‘No conflict should be forever,’ he says. ‘What happened was the result of history and once the page was turned I knew that it was not enough to have legislation to put reconciliation in place. As human beings we have to face each other and mend relationships.
‘I had to face the fact that people were killed and harmed because of my orders and that I had to sit down with those who were prepared to do so and pour out our hearts to each other.
‘In doing this I am not undertaking a party political task. It is an intense human mission. The people we had fought and harmed and caused grief to were never our direct enemies. But they suffered. My job is to reach out to those who survived. By meeting together we are able to restore each other’s humanity.’
Not everybody who was affected by the attacks has accepted the hand extended by Mphahlele—and he does not condemn them. ‘Some people have decided not to forgive me for what I have done. I know it’s not easy to forgive and I understand them. But to those who do forgive me, it is the start of rebuilding our communities.’
Mphahlele says he draws his strength from the journey he has undertaken and the response of those who have joined him despite the suffering he has caused them. ‘It is my mission. I am seeking as many of those left poorer by my judgement as I can find and asking their forgiveness,’ he says. ‘At the same time I know that they have every reason to seek legal recourse against me and feel bitter.’
The strength of purpose and mission that drove him into exile and onto a path of confrontation with injustice has not been dampened. Transformed, yes; but unchanged in its determination to make a difference. ‘I am a rebel and have always been one,’ he explains. ‘I have resisted the hypocrisy of political structures and never held political office.’ This despite inducements from leaders within the PAC which he still loyally supports—and just as loyally criticizes for its shortcomings.
‘I am proud to be part of the PAC, an organization that once strode centre stage of South African politics with confidence,’ he writes in his autobiography, Child of this Soil (Kwela, 2002). ‘The PAC is now reduced to a shadow, thanks to its unusual birth and other self-inflicted ills.’
But Mphahlele is too tough-minded and visionary to get stuck in mere criticism. ‘The fuel that keeps me running now is community involvement,’ he says. And the smile takes over and lights up his being. ‘Out of the gift of forgiveness which so many black and white people have given me I am regenerating community development.’
PROCESS NOT EVENT
On 2 December last year, Mphahlele was formally welcomed back into his village in Limpopo Province. Guests of honour at this occasion were Ginn Fourie and Charl van Wyk. He spoke of his philosophy of reconciliation and read a poem he had written the year before for Fourie’s daughter, Lyndi (see end of this article).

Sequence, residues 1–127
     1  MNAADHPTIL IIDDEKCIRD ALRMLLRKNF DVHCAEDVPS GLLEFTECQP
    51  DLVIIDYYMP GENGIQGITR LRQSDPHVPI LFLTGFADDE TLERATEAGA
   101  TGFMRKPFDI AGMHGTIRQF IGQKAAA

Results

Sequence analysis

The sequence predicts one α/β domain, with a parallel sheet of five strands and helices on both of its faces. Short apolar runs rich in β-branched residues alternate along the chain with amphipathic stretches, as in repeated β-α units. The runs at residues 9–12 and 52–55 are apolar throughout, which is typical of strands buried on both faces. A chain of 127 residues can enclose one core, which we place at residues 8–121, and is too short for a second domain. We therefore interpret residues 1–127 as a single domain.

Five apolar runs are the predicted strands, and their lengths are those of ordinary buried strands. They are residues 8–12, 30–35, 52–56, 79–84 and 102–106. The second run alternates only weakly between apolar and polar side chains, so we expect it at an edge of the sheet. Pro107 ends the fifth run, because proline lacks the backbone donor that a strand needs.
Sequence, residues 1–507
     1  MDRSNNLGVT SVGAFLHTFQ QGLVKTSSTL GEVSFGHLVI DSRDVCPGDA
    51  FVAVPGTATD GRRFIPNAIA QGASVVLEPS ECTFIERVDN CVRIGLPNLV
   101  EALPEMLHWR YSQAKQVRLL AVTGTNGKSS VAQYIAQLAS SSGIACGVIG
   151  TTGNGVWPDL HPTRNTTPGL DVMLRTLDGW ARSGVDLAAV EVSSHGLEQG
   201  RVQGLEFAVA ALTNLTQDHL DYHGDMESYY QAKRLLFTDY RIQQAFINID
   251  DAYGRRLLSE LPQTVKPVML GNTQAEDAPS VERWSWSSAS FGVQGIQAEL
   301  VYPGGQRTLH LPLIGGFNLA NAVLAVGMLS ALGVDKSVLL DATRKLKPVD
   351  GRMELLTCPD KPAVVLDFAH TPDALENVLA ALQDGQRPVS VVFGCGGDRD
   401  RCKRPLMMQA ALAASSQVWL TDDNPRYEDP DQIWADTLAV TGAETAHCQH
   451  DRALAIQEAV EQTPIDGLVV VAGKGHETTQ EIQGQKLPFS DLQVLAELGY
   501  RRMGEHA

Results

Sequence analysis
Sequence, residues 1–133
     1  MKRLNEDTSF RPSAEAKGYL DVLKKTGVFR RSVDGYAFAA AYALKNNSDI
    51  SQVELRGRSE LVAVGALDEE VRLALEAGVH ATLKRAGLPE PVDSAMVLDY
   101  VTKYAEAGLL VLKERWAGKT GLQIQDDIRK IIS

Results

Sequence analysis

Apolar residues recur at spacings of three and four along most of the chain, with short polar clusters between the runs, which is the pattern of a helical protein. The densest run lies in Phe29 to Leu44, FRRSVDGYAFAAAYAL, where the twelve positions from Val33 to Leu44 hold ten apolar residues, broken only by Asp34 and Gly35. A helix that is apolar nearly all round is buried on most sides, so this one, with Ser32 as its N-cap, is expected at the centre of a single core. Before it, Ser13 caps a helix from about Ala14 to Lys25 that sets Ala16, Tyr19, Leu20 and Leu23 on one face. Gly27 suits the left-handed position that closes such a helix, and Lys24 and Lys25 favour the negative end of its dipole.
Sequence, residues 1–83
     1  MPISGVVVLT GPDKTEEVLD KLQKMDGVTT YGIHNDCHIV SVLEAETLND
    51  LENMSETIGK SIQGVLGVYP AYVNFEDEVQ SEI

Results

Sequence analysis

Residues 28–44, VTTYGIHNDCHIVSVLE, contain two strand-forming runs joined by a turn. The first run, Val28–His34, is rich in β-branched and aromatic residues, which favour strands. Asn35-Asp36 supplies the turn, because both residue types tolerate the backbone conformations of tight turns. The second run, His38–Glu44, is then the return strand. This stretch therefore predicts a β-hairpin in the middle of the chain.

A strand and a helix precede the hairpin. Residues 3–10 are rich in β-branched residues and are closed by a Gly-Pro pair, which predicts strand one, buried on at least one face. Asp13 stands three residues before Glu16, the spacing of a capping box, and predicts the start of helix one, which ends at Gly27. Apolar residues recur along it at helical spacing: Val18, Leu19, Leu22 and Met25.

‘We should not congratulate ourselves for achieving reconciliation,’ he said bluntly to the masses that gathered to meet him, the exile returned. ‘What we are doing today is a mere attempt at it. Reconciliation is holistic. A process, not an event. True reconciliation cannot be blind to history and the injustices of the past. We must go beyond preaching reconciliation and start practising it in the thirsty villages and hungry townships.
‘Colonial land dispossession left the indigenous Africans with no choice but war. Without addressing the land question and just redistribution of wealth, our efforts to reconcile will be undermined. True reconciliation addresses economic realities and redresses socio-economic injustices.’
At the same time, he added, violence and reconciliation are incompatible. ‘In the past apartheid divided us racially and ethnically. Generations that lie ahead won’t forgive us if we continue to stay apart out of our own choice.’
He then turned to Fourie and van Wyk, ‘people who had every reason to hate but who chose to understand and forgive’. ‘Thank you for your gift of forgiveness,’ he said softly.
For Lyndi Fourie
Forgive our deafness
Our ears are modulated
To hear voices of the dead
Counselling us from your tomb
We leap at your still commands
Hands that unleashed thunder on you
Nine summers ago
This summer tremble before your throne
In the twilight of our age
The angry soldier breezed from the bush
Tried in vain to hate
Succeeded in hurting
Today the guerrilla is foraging in the bush
To heal hearts swollen with grief
How to muffle the roars of our rage
How to dam the rivers of our tears
How to share laughter and land
Land and laughter
Forgive our idiocy
Our souls are tuned
To heed prophecy
By the graveside of the prophet
Whose blood we spilt
Whose teachings we ridiculed
While he walked among us